DUNDEE, Scotland, Jan. 13 (UPI) -- Death from liver cirrhosis may be linked more to drinking patterns than to social class, researchers in Scotland suggest.
Researchers at the University of Dundee in Scotland say their review of past studies on alcohol indicates a dramatic change during the 20th century in England and Wales. Death from liver cirrhosis -- more common among higher social classes in the early part of the century -- became much more common among the lower social classes by the end of the century.
However, the paper, published in Alcohol and Alcoholism, links the death rate from liver cirrhosis more to changes in drinking patterns than to drinking amounts. The researchers point out surveys indicate those in lower classes actually did not drink more than higher classes.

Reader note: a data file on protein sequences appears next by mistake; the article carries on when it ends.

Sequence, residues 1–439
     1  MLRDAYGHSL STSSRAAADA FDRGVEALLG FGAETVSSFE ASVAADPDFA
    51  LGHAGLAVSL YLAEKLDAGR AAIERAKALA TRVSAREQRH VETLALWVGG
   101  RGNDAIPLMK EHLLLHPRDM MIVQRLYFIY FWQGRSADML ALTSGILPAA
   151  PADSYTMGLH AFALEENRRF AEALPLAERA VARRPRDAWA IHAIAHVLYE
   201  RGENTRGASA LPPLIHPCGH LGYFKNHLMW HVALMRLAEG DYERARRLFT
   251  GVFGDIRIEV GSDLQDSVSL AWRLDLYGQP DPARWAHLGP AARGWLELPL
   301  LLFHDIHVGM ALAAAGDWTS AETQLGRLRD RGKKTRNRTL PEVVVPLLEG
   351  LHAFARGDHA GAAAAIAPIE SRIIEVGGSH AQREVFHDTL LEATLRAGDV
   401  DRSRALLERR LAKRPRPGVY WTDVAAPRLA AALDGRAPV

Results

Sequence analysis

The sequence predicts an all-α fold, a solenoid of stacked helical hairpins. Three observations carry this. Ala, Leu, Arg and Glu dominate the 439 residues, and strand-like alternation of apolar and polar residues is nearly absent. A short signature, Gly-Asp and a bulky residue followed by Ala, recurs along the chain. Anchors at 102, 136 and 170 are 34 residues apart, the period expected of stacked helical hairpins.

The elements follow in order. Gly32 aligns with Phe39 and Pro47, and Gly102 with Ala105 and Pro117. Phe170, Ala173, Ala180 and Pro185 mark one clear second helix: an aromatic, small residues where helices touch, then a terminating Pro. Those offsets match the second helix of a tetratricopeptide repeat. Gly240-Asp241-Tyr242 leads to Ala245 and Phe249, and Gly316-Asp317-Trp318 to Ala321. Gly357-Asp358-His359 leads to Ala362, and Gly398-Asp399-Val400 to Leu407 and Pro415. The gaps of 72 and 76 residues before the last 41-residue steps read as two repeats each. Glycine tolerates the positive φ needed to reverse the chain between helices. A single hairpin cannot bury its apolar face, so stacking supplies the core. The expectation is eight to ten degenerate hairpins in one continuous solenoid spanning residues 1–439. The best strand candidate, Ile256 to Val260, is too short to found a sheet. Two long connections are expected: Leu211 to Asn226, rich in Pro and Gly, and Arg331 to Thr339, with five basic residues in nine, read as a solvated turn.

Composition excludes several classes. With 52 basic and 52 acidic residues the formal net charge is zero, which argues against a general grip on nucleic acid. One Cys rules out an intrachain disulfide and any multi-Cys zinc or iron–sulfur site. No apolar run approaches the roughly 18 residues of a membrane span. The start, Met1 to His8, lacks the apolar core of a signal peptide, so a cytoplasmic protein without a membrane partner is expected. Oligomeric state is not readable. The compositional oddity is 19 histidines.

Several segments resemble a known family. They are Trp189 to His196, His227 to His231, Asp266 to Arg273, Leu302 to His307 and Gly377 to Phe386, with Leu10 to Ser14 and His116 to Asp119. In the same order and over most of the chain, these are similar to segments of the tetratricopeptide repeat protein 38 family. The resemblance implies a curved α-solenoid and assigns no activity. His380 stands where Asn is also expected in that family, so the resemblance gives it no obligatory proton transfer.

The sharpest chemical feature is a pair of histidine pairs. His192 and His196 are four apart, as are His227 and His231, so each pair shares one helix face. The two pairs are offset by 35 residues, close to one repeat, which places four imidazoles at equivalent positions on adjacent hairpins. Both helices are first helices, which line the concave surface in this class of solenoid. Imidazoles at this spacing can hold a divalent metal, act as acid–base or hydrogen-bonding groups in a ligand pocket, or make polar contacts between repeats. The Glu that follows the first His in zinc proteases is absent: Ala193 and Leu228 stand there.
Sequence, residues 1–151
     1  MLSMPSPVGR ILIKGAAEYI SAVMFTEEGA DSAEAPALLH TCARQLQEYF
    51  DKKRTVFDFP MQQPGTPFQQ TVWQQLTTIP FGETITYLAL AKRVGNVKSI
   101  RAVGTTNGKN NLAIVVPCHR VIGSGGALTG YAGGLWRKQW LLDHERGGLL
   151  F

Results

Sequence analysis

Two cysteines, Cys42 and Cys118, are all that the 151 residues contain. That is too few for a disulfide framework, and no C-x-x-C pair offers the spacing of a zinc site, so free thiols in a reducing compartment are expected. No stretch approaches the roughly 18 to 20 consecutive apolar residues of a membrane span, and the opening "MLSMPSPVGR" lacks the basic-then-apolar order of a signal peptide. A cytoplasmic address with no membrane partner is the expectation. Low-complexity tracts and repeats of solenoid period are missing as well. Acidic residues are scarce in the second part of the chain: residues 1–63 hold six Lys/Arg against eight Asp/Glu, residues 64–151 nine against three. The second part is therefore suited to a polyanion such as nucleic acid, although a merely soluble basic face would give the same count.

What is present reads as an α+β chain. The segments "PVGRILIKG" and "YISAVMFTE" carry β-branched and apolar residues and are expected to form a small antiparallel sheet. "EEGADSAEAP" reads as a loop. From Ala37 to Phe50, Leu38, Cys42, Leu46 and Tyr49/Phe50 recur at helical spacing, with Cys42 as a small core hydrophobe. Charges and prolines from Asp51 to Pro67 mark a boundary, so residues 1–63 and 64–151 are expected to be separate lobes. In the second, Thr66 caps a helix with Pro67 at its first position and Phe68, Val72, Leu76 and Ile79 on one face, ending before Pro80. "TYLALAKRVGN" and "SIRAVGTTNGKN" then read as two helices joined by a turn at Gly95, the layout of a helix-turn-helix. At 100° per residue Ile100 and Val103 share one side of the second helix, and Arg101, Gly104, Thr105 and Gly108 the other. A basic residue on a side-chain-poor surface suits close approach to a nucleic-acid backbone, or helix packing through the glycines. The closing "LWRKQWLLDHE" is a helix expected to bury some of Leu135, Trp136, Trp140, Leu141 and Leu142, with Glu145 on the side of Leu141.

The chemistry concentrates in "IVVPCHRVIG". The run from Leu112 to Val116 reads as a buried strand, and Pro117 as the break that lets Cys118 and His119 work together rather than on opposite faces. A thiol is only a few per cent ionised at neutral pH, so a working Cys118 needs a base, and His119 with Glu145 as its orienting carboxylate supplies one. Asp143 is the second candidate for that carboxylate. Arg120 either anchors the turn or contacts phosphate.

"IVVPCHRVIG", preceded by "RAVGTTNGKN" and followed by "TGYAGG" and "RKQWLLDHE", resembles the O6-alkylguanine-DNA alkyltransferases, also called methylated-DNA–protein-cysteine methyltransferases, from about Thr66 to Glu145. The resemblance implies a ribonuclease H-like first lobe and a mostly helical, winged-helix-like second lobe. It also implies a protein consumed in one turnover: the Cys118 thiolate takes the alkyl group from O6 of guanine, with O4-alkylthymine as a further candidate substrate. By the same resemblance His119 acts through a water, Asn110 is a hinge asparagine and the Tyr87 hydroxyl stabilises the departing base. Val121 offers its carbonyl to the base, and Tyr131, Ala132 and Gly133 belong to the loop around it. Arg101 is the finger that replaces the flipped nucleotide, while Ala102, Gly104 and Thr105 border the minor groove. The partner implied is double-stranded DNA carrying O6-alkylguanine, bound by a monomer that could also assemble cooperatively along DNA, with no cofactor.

Also, the upper classes have been changing from a pattern of weekend drinking of beer and whisky to Mediterranean-style daily wine with meals while people in lower social classes have generally tended to binge drink, the researchers say.
"The main cause of change over time in the relation of social class with mortality from cirrhosis is probably an improvement of dietary behavior and lifestyle in the high social classes and often still unhealthy diet and lifestyle in the lower classes," the study authors say in a statement.